Please enjoy my continuing adventures from a time not so long ago. If you missed the first part of the story, catch up by reading Part One.
And as they say in Antwerp, alsjebielft!
Greetings from Antwerp, Belgium – September 10, 2001
In just one short week my days (and nights) have been filled with too many experiences to describe. Friends write and ask what life is like “across the ocean”. It’s a bit hard to explain, but I’ll try to describe it if you’ll try to imagine.
Visualize your daily life and every destination you need in a week. Now compact all those things into a much smaller land where every street is lined with cafes, pubs, grocery stands, retail shops – everything you need. By walking just five to ten minutes in any direction you can accomplish most any task. Now include a public transportation system to get you anywhere else you want to go, in fact, go ahead and sell your car because you won’t need it anymore.
Now I know what some of you are thinking. I could just as easily be describing New York City, right? Please, keep reading.
Add to the landscape people from all over the world who can speak several languages, all in one breath.
Still too NYC?
Now, take off your watch, you won’t need it. What you will need is to breathe in deeply and prepare to slow down. Take your time. Relax and enjoy all that life has to offer. Food, spirits, friends, sites, sounds, life. Oh yeah, and go get a bike.
Everything is flat so bikes are EVERYWHERE. But remember to watch out because pedestrians have the right of way – on every street, paved path, corner, and intersection. If you hit someone with your bike (or car if you still have one) they put you in jail and ask questions later. Feel like walking right out into an intersection to cross the street? Okay. The cars will stop.
I think a lot of Americans have a hard time adapting to this local speed. It’s just too hard for us to sit back, relax, and be patient. Fortunately, that’s exactly the mindset I arrived with – so I love it. My American friend (and host) gets impatient with traffic and people and waiting. (Sorry Dave, but I bet you know it’s the truth.)
I see the difference in how Americans and Europeans are culturalized (yes, I’m generalizing) when I watch Dave and his friends hang out. Dave looks for what’s happening next. Where to next? Why are we waiting? Where’s my order? His friends, who hail from England, France, and Scotland, are content to sit and enjoy each other’s company without worrying about next. They are enjoying now. They don’t hunt down a server, they wait until one stops at the table. They wait patiently for the tram as Dave checks and re-checks the schedule. I’m sure I’m more like Dave, but I’m trying to adapt quickly.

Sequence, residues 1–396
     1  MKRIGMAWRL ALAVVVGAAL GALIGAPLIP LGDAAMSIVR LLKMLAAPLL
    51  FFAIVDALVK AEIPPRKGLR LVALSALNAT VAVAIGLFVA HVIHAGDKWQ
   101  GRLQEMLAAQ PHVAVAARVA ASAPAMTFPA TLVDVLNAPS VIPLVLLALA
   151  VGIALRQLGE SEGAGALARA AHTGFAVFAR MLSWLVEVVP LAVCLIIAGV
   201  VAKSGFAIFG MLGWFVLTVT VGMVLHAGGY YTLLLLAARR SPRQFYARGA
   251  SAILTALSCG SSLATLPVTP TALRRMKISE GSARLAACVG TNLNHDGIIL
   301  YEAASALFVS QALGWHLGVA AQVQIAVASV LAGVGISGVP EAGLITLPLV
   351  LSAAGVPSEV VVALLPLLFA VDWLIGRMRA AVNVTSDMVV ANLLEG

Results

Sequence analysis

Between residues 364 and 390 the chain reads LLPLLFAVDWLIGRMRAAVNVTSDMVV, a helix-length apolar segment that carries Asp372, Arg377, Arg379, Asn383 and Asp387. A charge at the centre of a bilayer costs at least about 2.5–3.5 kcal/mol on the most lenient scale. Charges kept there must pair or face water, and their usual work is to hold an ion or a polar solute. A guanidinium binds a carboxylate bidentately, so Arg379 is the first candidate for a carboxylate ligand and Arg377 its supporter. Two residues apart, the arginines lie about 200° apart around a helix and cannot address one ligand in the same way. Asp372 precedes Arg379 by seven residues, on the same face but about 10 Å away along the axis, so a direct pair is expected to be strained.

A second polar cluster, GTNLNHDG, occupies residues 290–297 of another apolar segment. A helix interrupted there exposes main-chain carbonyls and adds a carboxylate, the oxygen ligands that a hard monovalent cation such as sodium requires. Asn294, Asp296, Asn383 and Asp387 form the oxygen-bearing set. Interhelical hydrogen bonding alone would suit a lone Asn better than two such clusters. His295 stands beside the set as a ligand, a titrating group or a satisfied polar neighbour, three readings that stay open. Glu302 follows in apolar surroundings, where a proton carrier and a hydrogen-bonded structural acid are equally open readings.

But I digress. What I really want to tell you about is the food. The cuisine here is marvelous, even if it’s hard to order when I don’t have a translator joining me. I have been served raw meat once but I felt no remorse in letting it sit on my plate. I just ate my vegetables, paid my bill, and smiled on my way out the door. The local favorite, as it turns out, is ironically called an American Beef Sandwich. Never order it. I repeat, never order it. Unless you like raw ground beef mixed with mayonnaise spread on a thin piece of crusty bread.
What is lovely are all the fritz stands – on almost every corner. These open air shops have racks and racks of un-cooked French Fries ready for you to order. They’re served in a paper cone so you can walk around with your snack. You so pay extra for sauces, even Ketchup. But you can have Mayonnaise, Luksauce, Pickle Sauce, Paprika Sauce, Curry Ketchup, or Dark Sauce (which reminds me of A-1).
Repeat after me – “Klein Fritz met Luk Sauce, alsjebielft!”
Good. Now let’s take our large fries with garlic sauce on a stroll. Oh, the alsjeblief means please and you can begin or end a sentence with it – or both. People are very polite in Belgium, and very generous.
In most restaurants you’re served a table standard after you order. At one Italian restaurant they serve sliced fresh bread with herb-cheese-butter sauce and a small bowl of assorted olives soaked in spices and oil. Yum! At the Argentinian restaurant it’s a basket of bread served with five sauces (Spiced Mayo, Hot Red Pepper, Veggies in Oil, 1000 Island, and Herb Butter) and a dish of black and green olives. Double Yum! And at that same restaurant, instead of being offered an after dinner mint, each person is served a small shot of Amaretto. Now that is a sweet way to end a meal. Triple Yum and Cheers!
Oh, say hello to Dave and Alice. Isn’t he adorable? And very generous (despite being American). He’s the main reason I came to Antwerp. His company sent him overseas for work and he extended an invitation to his friends to visit. “Hi Dave.”
A note on dining: Plan on spending a few hours when you go out to eat. First, there is the before dinner drink and table standards, then your starter, followed by an entrée, another drink, dessert if you have room left, and perhaps a special treat when your bill arrives 2.5-3 hours later. Dinner is a very social event, even in people’s homes. It is never a rush. In fact, nothing is ever a rush.
Just as I’m not in rush to tell you my whole story. You’ll have to wait until next Flash Back Friday for more Adventure of A Broad Abroad. But I will tell you this; the story gets very interesting (for me, for you, for the world) on the following day. A day I might have called ‘tomorrow’ except that it will forever be known as 9/11.